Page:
The first plantings of Cabernet Sauvignon at Mach One were planted in 2009, with additional plantings in subsequent years. It’s a warm site, where bud break occurs early but where wind and the proximity to the Columbia River allow for extended hangtime.
“We basically get an extra month of growing season,” Golitzin says.
Mach One is also planted to a variety of clones. Two of these clones are now producing individual wines, including the Clone 685 Palengat Cabernet Sauvignon, named after the maiden name of founder Jeannette Golitzin. The other is the Clone 412 Tchelistcheff Cabernet Sauvignon, named after legendary winemaker André Tchelischeff, the maternal uncle of founder Alex Golitzin.
Paul Golitzin says the two clones show quite differently at Mach One. “With the 685, it has this inherent quality that has Cab Franc in it. It’s very beautiful, very perfumed, with some blue fruit quality and some black rock. [Clone] 412 has tons of black fruit and a lot of savory qualities. It’s kind of like the full meal deal. There’s everything from appetizer to dessert on that one.”
Finally, the winery has Galitzine Vineyard, a 17-acre site first planted in 2001 on Red Mountain. It’s planted at high density to Clone 8. Fruit from this vineyard goes into a Galitzine Vineyard Clone 8 designated wine. All of the vineyards are managed by Dan Nickolaus.
Clonal exploration and Cabernet exceptionalism
Quilceda Creek has been one of the wineries leading the way in Washington for clonal exploration of Cabernet Sauvignon. These different sites and clones do not just provide a broader palette to paint from each vintage. Given that some clones ripen earlier or later, they provide diversity in a changing climate. To wit, in a 10-year span, Washington saw its hottest and coolest vintages on record.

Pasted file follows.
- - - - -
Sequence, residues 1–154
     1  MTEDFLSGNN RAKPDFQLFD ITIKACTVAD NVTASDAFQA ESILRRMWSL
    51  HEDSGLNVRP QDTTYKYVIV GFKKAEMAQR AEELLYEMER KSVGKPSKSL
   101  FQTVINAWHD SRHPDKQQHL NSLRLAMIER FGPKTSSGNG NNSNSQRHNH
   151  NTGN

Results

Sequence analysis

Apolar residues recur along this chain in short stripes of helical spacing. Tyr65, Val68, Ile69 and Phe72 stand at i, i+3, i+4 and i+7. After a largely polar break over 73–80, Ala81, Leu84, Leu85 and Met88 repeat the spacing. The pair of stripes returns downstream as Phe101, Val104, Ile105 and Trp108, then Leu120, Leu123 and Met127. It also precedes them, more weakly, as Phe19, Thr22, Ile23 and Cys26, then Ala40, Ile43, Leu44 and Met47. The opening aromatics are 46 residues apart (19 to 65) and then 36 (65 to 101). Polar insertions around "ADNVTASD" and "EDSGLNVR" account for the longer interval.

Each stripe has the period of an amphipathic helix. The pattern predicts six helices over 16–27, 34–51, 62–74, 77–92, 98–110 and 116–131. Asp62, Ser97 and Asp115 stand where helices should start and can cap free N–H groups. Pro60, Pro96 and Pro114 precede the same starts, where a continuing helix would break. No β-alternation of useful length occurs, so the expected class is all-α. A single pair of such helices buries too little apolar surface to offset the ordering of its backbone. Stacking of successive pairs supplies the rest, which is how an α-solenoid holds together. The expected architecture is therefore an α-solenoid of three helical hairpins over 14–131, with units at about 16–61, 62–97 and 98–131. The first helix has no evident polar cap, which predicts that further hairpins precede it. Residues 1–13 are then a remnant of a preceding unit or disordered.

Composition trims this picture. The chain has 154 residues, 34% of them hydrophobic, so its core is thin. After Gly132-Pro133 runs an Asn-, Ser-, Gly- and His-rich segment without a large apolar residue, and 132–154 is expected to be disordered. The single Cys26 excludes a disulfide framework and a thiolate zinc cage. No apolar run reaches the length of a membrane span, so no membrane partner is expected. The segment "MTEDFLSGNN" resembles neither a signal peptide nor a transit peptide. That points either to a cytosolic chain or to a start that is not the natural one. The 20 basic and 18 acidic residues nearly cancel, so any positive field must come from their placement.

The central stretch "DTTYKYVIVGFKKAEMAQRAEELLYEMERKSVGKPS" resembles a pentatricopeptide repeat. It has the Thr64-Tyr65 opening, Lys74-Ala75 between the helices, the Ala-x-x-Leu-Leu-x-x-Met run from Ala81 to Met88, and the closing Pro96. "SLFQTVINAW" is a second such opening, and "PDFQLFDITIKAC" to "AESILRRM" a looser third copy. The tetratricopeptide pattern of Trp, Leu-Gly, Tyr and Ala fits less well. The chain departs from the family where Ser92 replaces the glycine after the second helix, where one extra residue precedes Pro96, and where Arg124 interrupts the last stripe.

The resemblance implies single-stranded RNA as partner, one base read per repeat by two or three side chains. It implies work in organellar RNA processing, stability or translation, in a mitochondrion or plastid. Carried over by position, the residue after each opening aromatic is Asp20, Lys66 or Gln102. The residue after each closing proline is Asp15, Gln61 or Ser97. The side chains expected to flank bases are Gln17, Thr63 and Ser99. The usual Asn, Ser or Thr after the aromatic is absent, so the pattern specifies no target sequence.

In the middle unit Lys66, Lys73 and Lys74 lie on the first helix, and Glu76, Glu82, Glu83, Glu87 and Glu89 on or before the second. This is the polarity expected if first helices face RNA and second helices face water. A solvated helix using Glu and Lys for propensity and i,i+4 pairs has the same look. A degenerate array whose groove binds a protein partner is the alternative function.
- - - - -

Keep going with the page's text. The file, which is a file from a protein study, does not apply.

“It’s great insurance,” Golitzin says of the varied plantings.
It also makes for more complex wine. Quilceda’s flagship Cabernet Sauvignon, designated Columbia Valley, is 100% varietal in the 2020 vintage as in many recent years. However, it’s a blend of a number of different clones.
The 2020 vintage is comprised of clones 4, 8, 337, 191, and 685. 90% of the fruit comes from Champoux Vineyard, 10% from Mach One. It is, to my palate, the best wine I’ve formally reviewed from Quilceda Creek – no small accomplishment considering 2020 was the winery’s 42nd vintage and that Quilceda Creek consistently produces wines at the extreme upper end of the quality spectrum.
“I’m very happy with the recent vintages,” Golitzin says. “They’ve been exceptional.”
Ultimately, exceptionalism is what Quilceda Creek is all about. The focus is on continuous improvement, despite a track record that might temp some to rest on their laurels. In spite of the recent changes, Quilceda continues to do what it’s done for over four decades: make outrageously high quality wine.
“I think when anything negative happens, try to make a positive out of it,” Golitzin says.`